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“How long is it going to last?”
An age-old question
Somewhere in Tatarstan, a muzzled woman is feverishly sorting a conveyor belt of raw meat; she has to be quick and precise—a camera is watching her, and this camera is hooked up to an algorithm, and this algorithm decides how many rubles she will receive.
Welcome to the Fourth Industrial Revolution?
The director of this Tatar meat-packing establishment is overjoyed by this new “efficiency-tracking” system, obviously:
“We have implemented the Matller system on the production lines, which gives an individual assessment of each employee. There are numbers on the hats of our employees. A camera is installed on the line, which calculates the labor costs of each employee and displays not the average output, but specific figures. In online mode, both the manager and the employee can find out the results,” said Svetlana Barsukova, General Director of Agrosila.
The employee’s monthly salary will depend on the results. The program automatically calculates daily output and salary.
“Accounting and labeling systems, big data analytics, robots, and much more… help businesses, working 24/7, to replace human labor,” Matller’s website notes. But for tasks that can’t be fully automated, there’s the Matller System:
It’s debatable whether this Tatarstan nightmare qualifies as uniquely soul-crushing; probably very similar systems are already in place all over the world. And maybe algorithm meat-sorting is preferable to peeing in a bottle during your 5-minute “wellness chamber” break at Amazon, or the Foxconn suicide nets.
But it was the numbered meat-sorter hats that caught our eye. These caps reminded us of a passage from H. G. Wells’ War and the Future (1917). In one chapter of his curious book, Wells tours a French munitions factory—staffed almost entirely by women:
There is a thick dust of sounds in the air, a rumble of shafting, sudden thuddings, clankings, and [the factory owner] M. Citroen has to raise his voice. He points out where he has made little changes in procedures, cut out some wasteful movement.... He has an idea and makes a note in the ever-ready notebook…
These women wear simple overalls and caps. In the cap is a rosette. Each shed has its own colour of rosette.
“There is much esprit de corps here,” says M. Citroen. “And also… we can see at once if a woman is not in her proper shed.”
A true visionary. Citroen even had an enterprising method of issuing salaries, a hundred years before the dawn of the “convenient” digital ruble:
What is interesting him just now, because it is the newest thing, is his method of paying his workers. He lifts a hand gravely: “I said, what we must do is abolish altogether the counting of change.”
Instead of receiving actual cash, these hat-tagged factory workers were issued stamped cards that kept track of their earnings. You could only redeem your card for actual cash once the card’s balance reached a certain (company-decreed) Convenient Sum.
Such an ingenious system, designed to make life convenient for everyone! Who could possibly object to such a convenient and efficient system? Only a Luddite would oppose such a cool, modern, and time-saving payment system.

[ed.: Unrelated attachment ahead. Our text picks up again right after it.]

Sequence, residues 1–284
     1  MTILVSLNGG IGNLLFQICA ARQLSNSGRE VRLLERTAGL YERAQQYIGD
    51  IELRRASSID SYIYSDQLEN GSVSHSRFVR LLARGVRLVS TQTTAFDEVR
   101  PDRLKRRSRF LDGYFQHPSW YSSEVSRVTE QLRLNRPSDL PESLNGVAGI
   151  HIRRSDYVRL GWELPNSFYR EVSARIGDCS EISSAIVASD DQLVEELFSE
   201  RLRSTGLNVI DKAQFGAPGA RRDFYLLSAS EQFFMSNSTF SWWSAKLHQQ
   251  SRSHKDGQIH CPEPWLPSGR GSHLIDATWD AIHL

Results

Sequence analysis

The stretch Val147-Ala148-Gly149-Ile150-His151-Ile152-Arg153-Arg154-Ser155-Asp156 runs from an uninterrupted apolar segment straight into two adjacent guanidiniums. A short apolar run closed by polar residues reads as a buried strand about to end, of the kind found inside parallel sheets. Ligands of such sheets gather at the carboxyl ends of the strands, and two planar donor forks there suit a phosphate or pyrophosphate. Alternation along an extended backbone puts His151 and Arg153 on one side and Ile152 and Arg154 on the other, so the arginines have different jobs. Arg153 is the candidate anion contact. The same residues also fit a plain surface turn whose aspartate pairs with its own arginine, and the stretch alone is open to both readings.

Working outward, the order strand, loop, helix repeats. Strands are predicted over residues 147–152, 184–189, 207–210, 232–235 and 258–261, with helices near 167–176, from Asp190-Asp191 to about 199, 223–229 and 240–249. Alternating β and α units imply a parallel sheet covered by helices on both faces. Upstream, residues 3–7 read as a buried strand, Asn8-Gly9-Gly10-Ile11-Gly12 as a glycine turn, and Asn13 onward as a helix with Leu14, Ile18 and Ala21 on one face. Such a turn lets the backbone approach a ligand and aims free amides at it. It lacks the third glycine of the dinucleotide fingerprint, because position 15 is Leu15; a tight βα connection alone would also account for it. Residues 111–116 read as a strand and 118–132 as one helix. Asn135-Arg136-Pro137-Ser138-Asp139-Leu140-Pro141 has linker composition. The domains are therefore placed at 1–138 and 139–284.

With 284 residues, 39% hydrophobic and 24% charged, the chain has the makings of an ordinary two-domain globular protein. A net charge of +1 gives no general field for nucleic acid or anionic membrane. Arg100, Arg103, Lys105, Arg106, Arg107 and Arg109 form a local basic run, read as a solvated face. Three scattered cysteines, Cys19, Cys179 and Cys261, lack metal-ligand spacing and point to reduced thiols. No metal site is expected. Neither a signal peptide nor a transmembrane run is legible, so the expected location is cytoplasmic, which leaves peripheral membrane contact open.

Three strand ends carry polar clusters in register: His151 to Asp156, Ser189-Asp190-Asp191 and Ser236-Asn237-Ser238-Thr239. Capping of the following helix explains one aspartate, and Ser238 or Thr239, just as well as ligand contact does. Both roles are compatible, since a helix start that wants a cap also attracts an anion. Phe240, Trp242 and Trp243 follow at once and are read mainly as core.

We’re living through a transformative period where the social contract between government and citizens has been unilaterally rewritten by a cabal of fucking maniacs.
Something similar happened during World War I. We already wrote about how the Great War ushered in the world’s first international cattle tag system. But there are other fun parallels between now and the civilization-shattering events of 100 years ago. All scams are similar at a fundamental level.
“Courage to the end of the last lap!”
For example, the ceaseless gaslighting that makes 2022 so fun: probably your great-grandpa enjoyed a giant dollop of that crap every day while rotting in a rodent-infested trench.
British journalist Philip Gibbs wrote a must-read (and free-to-download) book, Now It Can Be Told (1920), about this regrettable chapter in human history.
Is this 1920 or 2020? You tell us:
“How long is it going to last?” asked the London Rangers of their chaplain. He lied to them and said another three months. Always he had absolute knowledge that the war would end three months later. That was certain. “Courage!” he said. “Courage to the end of the last lap!”
We don’t know how we went from Tatar meat-monitoring to this, but here we are, sorry.
And what happened once the war was finally “over”? Fancypants professor Fritz Stern explained in The Failure of Illiberalism (1972):
The state—so exquisitely circumscribed be decades of liberal theory and practice— suddenly assumed new powers over realms hitherto deemed immune from its control. The state as night watchman, as the English myth had it, now became the mobilizer of men and property, the commander of economic life, the censor of men’s expressions, and the manipulator of men’s minds…
In all countries, the freedom of individuals contracted—temporarily, it was assumed. But would governments relinquish or forget all the new devices of control that they had discovered during the war? The prewar balance between individual liberty and public authority would never be restored.
What comes next, friends? Even after the “pandemic” is over? Uhhhhhhhh…..
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